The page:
Have you ever received an invoice for services that you had absolutely no idea was coming? As a consumer or a business owner, it’s one of the most frustrating things in the world. Surprise bills like this are impossible to plan for and can be frustrating because they always seem to be over the estimate. Inevitably, there’s a level of mistrust that develops between the service-provider and the client, and the relationship is set on a rocky path that is beset by questions about if hours are being spent wisely and judiciously. Please hear me- We completely understand why this model can present frustrations for clients.Even if the professional service provider does exceptional work, any time there is a miscommunication between the transaction, it can leave you feeling concerned. That’s why we’re out to fix this and revolutionize the accounting industry.  Recently, there has been an industry trend to move from hours-based services to a fixed pricing model. Many financial planning and wealth management firms are notably shifting to this model, and accounting firms aren’t too far behind. This movement was born out of the desire for investors to know that financial institutions would act in the best interest of their clients, called fiduciary duty. Fixed pricing for this industry means that investors don’t need to be concerned about whether the advisor is simply suggesting a certain plan because it will enrich them more.

As we’ve grown and developed, we’ve been concerned the accounting industry is prone to this problem too. However, instead of a particular investment enriching the firm, the problem for the accounting firm is that there seems to be an incentive to spend more time on projects than necessary so that they can bill more. Where’s the fiduciary responsibility in that? Clients certainly want their accountants to do great work, but they also desire efficiency and value. Here are several reasons why we think that fixed price accounting is worth our firm exploring. It Clarifies Costs for Our Clients Hours-based models are incredibly variable. The fees that are collected are tied to the work a professional service company does for you. There are even costs that will pop up that weren’t disclosed initially, or vary based on the level of service your business requires. The last thing your business needs is to get hit with fees you weren’t included in its budget. Fixed price services allow you to plan the year without the variable costs, and can wind up saving significant money and stress so that clients can allocate dollars properly. It Fosters Transparency and Trust We’ve all heard the online meme from Chipotle that “Guac is extra.” As annoying as it might be to pay extra for guacamole, can you imagine if the cashier didn’t let the consumer know about this and simply tacked it on to the receipt? The customer would be rightfully frustrated! Budgets are laid out from the onset of the year. There are no hidden fees, no embedded costs, and no “Oh by the way…” moments. Fixed pricing helps remove potential conflicts of interest between how a firm gets paid and what they recommend. The best thing that a professional services firm can do for a client is to be upfront and transparent with their services and fees. Every industry appreciates transparency and honesty, fostering a level of trust between both parties. It Allows Us to Provide Better Services When you take out the need to upsell a product, add to the bottom line by taking an unnecessary amount of time, or even place a grain of doubt that this could be happening, the professional services firm can be more objective and help clients make the wisest decisions. The provider is no longer a salesman, they’re a trusted guide. Using the Theory of Constraints, we believe that we have identified our own internal bottleneck in our traditional business practices. Accountants spend tons of time tracking hours and calculating fees, passing this cost to the clients. Apart from the industry trend, we also believe that the key to longevity in our business is the relationships we have with our clients. Serving our clients and building a trust that lasts matters more than the fees we collect. We know that serving you better means that we’ll both benefit each other over the long term, rather than focusing on short term issues like bean-counting hours. This is an important distinction, and one that will impact both the business and our clients. In the interest of transparency, this is a change that our company is considering, for the reasons above and more. It makes our business more efficient, and provides an added benefit to our valued clients. You will always know our costs up front and never feel pressure to constrict your time with us or compromise on services. More than anything, we believe this will serve our clients better and give businesses more for their money. – Jonathan Frost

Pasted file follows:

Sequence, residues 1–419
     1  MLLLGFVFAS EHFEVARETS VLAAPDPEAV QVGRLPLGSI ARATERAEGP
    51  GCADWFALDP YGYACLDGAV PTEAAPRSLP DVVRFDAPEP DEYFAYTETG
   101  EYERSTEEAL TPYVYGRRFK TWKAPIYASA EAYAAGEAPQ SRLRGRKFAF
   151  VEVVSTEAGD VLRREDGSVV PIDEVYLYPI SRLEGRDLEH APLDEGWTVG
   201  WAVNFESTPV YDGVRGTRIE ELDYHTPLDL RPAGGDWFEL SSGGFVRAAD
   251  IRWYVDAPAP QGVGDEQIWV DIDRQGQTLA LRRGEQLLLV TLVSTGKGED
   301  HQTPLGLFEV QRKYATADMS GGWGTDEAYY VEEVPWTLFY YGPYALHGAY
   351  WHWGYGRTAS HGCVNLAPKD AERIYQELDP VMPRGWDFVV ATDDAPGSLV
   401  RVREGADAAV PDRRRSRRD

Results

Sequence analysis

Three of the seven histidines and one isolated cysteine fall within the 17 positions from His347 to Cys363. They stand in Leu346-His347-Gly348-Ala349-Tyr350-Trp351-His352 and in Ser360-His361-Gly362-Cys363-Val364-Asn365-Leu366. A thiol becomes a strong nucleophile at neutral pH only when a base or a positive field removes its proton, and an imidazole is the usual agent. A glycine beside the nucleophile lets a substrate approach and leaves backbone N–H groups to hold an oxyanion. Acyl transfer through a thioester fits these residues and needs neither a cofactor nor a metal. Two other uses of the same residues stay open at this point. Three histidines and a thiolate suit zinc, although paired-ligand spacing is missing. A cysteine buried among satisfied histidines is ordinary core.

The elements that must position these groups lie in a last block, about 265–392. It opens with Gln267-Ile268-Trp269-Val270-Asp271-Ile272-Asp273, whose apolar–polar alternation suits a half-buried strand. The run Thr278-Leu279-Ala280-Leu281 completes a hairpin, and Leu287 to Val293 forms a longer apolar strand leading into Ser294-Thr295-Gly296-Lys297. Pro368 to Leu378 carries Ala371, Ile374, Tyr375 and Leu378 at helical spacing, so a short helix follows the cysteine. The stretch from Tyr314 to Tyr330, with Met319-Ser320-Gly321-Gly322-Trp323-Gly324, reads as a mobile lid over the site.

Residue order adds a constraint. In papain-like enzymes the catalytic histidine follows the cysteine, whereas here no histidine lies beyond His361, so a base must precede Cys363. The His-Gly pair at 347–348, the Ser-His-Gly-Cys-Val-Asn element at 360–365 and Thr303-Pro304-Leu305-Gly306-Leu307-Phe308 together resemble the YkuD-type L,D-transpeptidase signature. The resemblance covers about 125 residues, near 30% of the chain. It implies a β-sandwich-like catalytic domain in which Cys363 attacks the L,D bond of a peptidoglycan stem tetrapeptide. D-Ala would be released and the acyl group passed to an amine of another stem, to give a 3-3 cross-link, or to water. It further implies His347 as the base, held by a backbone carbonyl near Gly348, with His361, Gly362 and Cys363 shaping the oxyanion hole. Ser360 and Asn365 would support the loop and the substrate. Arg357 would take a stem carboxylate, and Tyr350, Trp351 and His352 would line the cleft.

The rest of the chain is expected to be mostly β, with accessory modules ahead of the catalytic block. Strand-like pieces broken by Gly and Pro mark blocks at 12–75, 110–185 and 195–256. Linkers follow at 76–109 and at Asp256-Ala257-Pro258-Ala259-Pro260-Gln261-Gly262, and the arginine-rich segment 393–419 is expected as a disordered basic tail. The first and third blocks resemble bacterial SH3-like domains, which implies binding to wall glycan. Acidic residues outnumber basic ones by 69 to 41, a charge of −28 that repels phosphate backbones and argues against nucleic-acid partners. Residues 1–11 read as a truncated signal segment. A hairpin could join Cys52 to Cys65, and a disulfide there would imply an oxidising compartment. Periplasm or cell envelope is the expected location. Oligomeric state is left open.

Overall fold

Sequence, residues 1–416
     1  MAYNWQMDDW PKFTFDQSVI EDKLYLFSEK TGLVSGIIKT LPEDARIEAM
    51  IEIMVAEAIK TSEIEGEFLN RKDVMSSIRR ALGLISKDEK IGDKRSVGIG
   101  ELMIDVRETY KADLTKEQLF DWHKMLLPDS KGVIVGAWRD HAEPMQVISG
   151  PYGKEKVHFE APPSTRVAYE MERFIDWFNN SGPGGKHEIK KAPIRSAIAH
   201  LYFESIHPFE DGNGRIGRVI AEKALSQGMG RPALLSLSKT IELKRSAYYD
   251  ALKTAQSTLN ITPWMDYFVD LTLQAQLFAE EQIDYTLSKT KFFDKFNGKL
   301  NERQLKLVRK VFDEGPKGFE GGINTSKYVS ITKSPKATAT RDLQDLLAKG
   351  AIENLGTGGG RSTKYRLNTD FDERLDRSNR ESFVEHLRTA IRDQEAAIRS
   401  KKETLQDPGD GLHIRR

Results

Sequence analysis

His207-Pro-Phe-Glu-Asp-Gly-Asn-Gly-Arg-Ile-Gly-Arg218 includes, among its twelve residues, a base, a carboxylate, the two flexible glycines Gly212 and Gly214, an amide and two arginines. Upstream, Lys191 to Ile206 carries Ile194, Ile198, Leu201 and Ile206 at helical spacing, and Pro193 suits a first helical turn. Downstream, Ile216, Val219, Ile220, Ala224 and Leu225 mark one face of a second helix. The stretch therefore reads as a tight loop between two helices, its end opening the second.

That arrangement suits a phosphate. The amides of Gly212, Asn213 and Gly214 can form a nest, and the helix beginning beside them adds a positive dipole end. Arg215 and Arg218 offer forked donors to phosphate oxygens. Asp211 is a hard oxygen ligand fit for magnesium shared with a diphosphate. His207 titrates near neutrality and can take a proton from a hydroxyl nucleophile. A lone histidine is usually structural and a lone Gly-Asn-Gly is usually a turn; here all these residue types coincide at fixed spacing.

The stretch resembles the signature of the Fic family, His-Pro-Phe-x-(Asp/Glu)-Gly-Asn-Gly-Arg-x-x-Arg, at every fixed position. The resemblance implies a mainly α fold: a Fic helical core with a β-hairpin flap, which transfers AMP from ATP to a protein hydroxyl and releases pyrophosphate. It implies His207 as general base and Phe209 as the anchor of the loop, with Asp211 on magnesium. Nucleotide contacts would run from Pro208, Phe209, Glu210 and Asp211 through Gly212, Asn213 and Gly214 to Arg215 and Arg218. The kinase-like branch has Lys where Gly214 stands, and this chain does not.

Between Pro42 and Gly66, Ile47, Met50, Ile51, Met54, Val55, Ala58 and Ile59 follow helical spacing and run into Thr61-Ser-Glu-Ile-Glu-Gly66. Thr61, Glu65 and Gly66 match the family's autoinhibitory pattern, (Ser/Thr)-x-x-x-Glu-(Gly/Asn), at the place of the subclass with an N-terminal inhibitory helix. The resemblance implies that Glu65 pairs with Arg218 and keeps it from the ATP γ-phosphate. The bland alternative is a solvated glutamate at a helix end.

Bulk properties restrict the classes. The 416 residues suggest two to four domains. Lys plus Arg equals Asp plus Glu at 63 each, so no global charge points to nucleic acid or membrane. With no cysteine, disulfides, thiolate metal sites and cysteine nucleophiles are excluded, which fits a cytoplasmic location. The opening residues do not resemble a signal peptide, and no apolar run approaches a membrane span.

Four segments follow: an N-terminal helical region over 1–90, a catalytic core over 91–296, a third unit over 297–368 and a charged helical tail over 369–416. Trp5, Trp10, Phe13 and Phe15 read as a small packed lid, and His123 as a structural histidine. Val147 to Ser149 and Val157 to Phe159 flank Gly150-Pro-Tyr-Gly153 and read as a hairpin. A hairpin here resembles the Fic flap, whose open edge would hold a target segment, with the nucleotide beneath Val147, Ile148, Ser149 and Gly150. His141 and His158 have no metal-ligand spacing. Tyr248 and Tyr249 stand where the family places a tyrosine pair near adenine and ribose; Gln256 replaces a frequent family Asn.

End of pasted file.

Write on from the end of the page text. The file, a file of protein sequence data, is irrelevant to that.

Previous articleJulie Fleming Barringer: Leading Customer Service
Next articlePay the Price Now to Create the Future You Want – Grant Cardone
Star of Discovery Channel’s “Undercover Billionaire,” Grant Cardone owns and operates seven privately held companies and a private equity real estate firm, Cardone Capital, with a multifamily portfolio of assets under management valued at over $4 billion. He is the Top Crowdfunder in the world, raising over $900 million in equity via social media. Known internationally as the leading expert on sales, marketing, and scaling businesses, Cardone is a New York Times bestselling author of 11 business books, including “The 10X Rule,” which led to Cardone establishing the 10X Global Movement and the 10X Growth Conference, now the largest business and entrepreneur conference in the world. The online business and sales educational platform he created, Cardone University, serves over 411,000 individuals and Forbes 100 corporate clients throughout the world. Voted the top Marketing Influencer to watch by Forbes, Cardone uses his massive 15 million plus following to give back via his Grant Cardone Foundation, a non-profit organization dedicated to mentoring underserved, at-risk adolescents in financial literacy, especially those without father figures.